have applied for a warrant under Rule 41.
However, even if we treat the Government's motion as an application for a warrant under Rule 41, that application must be denied. Of course, after Warden, Md. Pen. v. Hayden, 387 U.S. 294, 87 S. Ct. 1642, 18 L. Ed. 2d 782 (1967) and the passage of 18 U.S.C. 3103a we need no longer torture the English language to make the things the Government seeks "instrumentalities of the crime". It is sufficient if there is probable cause to believe that the hair, blood and X-rays the Government seeks would be evidence of a crime against the United States. The Government's motion as currently written fails to establish this probable cause.
While the existence of the indictments in this case might as a matter of law furnish probable cause to believe that on May 13, 1971 the Fidelity Bank of Folcroft was robbed by two men with handguns, and that defendants were those two men, it nowhere establishes that the requested blood, hair or X-rays are evidence of that crime. This must be done by affidavit before a warrant can issue. The Government's motion as drafted contains only conclusory allegations of insufficient detail to establish probable cause. It is based entirely on heresay but contains no surrounding facts and circumstances from which the conclusions given were drawn, and no chain of information establishing the source of the information or the reliability of that source. See Aguilar v. Texas, 378 U.S. 108, 84 S. Ct. 1509, 12 L. Ed. 2d 723 (1964); Jaben v. U.S., 381 U.S. 214, 85 S. Ct. 1365, 14 L. Ed. 2d 345 (1965). Further, the allegations are not properly sworn to. The persons whose bodies are to be invaded have a right to these supporting affidavits, both to know on what information the seizure is based and to be able to test the validity of any warrant issued. They deserve no less because they are currently under indictment and incarcerated.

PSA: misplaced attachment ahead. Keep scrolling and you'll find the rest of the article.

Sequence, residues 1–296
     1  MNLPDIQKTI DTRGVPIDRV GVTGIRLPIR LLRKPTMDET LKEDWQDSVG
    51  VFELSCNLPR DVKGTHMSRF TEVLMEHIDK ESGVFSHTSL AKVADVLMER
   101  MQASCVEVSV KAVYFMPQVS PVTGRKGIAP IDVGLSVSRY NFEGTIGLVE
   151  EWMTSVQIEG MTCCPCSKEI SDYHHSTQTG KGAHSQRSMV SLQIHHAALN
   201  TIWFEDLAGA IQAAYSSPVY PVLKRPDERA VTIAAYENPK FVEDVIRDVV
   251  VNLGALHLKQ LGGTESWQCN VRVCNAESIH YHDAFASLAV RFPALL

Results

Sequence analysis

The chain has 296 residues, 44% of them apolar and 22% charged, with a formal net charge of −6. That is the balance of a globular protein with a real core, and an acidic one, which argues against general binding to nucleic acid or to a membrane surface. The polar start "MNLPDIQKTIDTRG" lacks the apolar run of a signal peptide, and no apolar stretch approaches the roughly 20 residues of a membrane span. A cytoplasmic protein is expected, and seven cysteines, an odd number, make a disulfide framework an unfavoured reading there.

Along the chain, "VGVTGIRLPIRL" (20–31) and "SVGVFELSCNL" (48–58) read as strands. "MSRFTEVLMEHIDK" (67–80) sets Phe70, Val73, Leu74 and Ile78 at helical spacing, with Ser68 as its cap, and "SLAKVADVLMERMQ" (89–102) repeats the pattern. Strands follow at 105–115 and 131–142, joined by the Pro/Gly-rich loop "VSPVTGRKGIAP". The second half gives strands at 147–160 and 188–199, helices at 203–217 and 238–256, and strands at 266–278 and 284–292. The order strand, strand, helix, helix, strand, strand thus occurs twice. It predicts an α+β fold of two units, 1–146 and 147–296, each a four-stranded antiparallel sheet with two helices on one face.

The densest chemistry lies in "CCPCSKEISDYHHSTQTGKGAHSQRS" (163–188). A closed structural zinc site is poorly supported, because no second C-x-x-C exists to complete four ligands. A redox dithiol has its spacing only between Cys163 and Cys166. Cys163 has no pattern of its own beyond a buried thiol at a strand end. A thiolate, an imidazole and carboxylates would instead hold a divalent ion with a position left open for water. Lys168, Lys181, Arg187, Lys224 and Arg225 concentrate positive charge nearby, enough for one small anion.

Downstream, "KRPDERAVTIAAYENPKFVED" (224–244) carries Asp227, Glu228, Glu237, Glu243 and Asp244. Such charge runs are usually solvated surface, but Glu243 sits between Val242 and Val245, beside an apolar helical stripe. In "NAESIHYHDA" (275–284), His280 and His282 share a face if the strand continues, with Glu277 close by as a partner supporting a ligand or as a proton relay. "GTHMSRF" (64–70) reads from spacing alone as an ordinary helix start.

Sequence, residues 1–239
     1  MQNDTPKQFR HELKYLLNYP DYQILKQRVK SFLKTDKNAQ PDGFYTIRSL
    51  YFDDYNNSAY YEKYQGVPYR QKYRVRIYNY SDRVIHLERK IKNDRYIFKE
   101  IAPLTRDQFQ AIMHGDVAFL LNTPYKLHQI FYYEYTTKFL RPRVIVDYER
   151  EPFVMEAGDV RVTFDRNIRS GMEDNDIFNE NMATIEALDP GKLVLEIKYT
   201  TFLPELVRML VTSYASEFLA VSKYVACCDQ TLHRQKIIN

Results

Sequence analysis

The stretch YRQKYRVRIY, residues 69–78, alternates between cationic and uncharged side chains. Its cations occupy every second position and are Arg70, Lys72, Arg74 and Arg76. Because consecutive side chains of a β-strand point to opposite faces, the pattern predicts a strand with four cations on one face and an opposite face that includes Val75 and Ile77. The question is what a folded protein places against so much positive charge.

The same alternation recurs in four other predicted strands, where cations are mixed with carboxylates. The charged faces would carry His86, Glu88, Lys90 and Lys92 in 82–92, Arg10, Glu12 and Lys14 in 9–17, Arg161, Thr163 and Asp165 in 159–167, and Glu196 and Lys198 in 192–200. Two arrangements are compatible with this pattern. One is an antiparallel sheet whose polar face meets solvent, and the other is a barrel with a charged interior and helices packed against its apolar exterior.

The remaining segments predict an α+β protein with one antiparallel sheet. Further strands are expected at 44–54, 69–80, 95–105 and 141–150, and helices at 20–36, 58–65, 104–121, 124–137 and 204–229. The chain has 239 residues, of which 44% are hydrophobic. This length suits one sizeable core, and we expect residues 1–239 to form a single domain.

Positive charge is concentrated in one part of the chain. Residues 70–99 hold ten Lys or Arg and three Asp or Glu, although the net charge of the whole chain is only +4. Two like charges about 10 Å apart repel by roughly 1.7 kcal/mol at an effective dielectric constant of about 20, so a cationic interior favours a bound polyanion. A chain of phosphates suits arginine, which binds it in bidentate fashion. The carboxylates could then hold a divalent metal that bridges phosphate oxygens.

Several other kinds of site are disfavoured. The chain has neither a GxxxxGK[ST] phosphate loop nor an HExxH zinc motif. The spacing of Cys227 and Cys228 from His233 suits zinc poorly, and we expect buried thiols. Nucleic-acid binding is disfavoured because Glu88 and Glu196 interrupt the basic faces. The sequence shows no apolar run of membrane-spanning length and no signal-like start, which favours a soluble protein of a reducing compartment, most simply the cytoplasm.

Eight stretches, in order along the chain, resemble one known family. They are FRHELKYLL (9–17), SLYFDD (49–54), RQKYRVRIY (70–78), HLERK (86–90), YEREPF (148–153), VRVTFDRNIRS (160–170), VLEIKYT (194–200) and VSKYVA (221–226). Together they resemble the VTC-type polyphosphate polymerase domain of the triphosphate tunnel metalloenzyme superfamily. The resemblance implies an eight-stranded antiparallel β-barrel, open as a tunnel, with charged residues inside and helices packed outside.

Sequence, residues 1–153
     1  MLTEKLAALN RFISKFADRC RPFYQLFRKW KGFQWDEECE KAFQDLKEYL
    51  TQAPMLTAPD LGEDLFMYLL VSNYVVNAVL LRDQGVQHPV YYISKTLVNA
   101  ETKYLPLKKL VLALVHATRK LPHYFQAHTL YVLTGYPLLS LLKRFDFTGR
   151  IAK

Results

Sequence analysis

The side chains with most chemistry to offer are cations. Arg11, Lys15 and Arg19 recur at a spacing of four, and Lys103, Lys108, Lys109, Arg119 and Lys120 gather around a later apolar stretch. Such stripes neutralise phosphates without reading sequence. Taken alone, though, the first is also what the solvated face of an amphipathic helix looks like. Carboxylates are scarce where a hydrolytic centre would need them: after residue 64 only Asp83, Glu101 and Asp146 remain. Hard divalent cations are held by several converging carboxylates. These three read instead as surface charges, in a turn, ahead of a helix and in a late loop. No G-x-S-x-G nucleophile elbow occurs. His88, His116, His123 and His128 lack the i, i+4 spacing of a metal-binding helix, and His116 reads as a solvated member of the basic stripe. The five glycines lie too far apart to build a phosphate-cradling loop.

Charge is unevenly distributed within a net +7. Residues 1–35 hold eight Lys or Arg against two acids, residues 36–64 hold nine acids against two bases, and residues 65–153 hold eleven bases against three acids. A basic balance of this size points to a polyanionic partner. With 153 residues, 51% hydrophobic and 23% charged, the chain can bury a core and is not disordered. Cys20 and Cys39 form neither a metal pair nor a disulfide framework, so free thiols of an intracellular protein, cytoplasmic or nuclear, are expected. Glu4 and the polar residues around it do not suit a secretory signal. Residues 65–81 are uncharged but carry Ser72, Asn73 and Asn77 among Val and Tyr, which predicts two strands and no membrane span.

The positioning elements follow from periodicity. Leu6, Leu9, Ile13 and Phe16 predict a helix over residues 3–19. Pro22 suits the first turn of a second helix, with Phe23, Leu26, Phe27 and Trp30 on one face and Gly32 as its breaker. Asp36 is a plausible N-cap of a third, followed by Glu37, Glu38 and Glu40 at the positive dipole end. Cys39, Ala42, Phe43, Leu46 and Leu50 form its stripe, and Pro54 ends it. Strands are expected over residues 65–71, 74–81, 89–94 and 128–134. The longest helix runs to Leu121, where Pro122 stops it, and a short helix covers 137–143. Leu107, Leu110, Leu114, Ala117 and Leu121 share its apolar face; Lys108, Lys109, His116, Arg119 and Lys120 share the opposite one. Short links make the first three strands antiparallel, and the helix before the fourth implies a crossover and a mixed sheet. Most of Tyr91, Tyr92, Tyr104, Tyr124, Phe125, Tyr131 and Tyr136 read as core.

It is suggested that if the Government wishes to make application for a warrant in this or similar cases in the future, the application should be made to a magistrate in the usual way, rather than to the judge assigned to try the case. If the application is decided by the trial judge initially, then the same person who rules on the initial question of probable cause will also rule on any subsequent motions to suppress evidence for lack of probable cause. While this situation would not be constitutionally objectionable, it is a conflict to be avoided when this is reasonably practicable.
Accordingly, the motion of the Government discussed herein is denied without prejudice to any future application for a warrant under Rule 41.
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